Dr. Tony Bonta has been an educator all his life. As the principal of Andrean High School, Bonta is proud to be back at his alma mater. He has been principal for almost two years and says he was blessed to be in the right place at the right time.
“I have 450 kids. I am very fortunate to work with all of them. It’s the most complex role I have ever had. I treat people with the utmost respect and patience,” said Bonta. “I love that it’s a Catholic school. Faith can be discussed, and you can bring that aspect in all kinds of discussions with staff and with kids. I was given a really solid foundation here.”
Bonta said he was drawn back to his hometown after living and working in Florida as an educator.
“If you would have asked me a few years ago when I was living in Florida, I would have never thought I would have come back. Life is strange, but I was put here, and I enjoy it tremendously,’’ said Bonta.
Bonta said his faith brought him to use his educational skills to the best of his ability.
“It’s great to pray, but be careful what you pray for. I was given a role that can be challenging, but it is an incredible opportunity. I was also brought back home,” said Bonta.
Bonta said he is fortunate to be back in Northwest Indiana. He enjoys the inclusiveness of the area and the variety of people that call it home.
“I like the incredible diversity. I am so thankful for Northwest Indiana,” said Bonta. “My background is Slovakian-Italian. We live in an area that is diverse ethically, racially, economically and educationally. Andrean helped me cross boundaries. I was a kid from Hobart and got to meet peers from all over the area. I appreciate all the cultures and backgrounds of people.”
Bonta says Andrean not only helped him cross diverse boundaries, but it helped him gain a connection with students on a level he never had.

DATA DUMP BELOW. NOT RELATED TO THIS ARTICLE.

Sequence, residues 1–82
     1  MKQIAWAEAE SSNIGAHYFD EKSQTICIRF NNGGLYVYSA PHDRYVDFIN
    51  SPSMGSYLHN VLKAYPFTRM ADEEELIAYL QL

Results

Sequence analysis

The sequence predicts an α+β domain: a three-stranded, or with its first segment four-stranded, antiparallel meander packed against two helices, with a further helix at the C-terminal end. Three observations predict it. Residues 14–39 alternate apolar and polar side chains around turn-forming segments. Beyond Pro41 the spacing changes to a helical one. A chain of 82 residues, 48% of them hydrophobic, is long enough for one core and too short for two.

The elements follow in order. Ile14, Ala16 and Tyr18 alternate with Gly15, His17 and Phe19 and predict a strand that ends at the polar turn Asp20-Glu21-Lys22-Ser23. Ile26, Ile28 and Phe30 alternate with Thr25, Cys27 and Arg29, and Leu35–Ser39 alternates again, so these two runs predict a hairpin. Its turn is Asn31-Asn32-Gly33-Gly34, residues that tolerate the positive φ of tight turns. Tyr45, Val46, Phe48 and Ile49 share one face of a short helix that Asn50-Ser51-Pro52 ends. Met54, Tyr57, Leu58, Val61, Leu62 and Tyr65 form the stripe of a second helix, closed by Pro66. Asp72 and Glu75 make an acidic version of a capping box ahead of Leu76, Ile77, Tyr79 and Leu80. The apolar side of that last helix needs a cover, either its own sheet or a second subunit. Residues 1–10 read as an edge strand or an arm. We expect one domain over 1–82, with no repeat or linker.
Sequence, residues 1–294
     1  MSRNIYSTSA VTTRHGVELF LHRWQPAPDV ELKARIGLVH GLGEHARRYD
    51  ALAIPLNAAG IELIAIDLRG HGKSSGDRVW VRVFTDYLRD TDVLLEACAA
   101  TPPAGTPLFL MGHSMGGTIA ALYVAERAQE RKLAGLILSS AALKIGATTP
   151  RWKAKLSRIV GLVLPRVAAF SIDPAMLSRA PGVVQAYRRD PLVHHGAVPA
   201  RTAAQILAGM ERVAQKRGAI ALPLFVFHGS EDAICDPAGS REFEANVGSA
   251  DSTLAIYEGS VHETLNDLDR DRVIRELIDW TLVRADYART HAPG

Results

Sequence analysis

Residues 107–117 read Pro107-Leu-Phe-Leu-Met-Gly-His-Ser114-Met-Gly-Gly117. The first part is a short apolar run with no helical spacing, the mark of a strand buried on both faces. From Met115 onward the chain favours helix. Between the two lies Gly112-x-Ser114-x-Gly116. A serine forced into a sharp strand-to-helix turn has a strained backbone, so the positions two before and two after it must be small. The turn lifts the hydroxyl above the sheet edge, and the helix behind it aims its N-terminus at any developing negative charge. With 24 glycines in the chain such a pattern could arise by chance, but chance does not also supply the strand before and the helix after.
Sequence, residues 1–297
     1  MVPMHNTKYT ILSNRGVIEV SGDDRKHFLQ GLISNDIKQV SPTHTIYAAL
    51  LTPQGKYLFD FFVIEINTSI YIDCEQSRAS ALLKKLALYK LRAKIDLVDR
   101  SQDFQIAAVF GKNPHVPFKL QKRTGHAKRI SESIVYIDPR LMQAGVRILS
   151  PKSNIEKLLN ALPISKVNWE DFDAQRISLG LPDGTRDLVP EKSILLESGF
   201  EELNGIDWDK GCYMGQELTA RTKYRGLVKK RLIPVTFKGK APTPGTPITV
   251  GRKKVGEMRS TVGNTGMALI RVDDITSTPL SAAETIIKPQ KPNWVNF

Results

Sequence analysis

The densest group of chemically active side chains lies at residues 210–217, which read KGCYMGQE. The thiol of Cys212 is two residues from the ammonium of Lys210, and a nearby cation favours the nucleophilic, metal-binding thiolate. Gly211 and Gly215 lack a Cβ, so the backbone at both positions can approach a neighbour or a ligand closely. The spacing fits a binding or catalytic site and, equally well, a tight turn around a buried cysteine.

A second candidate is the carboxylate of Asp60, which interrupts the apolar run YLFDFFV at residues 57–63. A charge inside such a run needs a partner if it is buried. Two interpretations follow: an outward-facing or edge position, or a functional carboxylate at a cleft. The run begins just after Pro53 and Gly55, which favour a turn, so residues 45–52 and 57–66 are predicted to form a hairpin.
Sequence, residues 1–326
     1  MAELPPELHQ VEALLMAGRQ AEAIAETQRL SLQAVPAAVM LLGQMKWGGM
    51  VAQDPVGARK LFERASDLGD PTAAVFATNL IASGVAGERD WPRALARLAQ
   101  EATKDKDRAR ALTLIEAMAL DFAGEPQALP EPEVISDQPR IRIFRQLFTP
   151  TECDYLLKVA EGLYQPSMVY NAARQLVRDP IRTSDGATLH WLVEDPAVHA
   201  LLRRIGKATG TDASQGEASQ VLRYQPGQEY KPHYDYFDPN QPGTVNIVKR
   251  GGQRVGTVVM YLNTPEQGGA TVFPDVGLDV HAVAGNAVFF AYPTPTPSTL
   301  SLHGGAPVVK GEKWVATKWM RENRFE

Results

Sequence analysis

“It’s a privilege to listen to students. I tell them that they don’t run the school, but rather it’s their time at the school that matters. We do the best we can to open up opportunities because that’s the gift of education – we open doors for them. Sometimes it means challenging them too,” said Bonta.
Bonta enjoys being a part of a faith-based school and in the foundation that built him to be who he is.
“A relationship with God is life giving and can ground students,” said Bonta. “Social media has been a blessing and a great challenge. I think faith slows them down. It values who you are. It does not matter how many likes you get, but who you are genuinely. Faith helps them judge what is the common good. It gets them to reflect not only their dignity, but the dignity of other people.”
Bonta has been an educator for almost 30 years. He wants to express to students to put their time into what matters.
Bonta concluded, “Students know I listen and that I care. I stress that they need to make their time matter. Listening to their hopes, dreams and struggles is what I am here for. I want to help them with opportunity. That’s what is most rewarding.”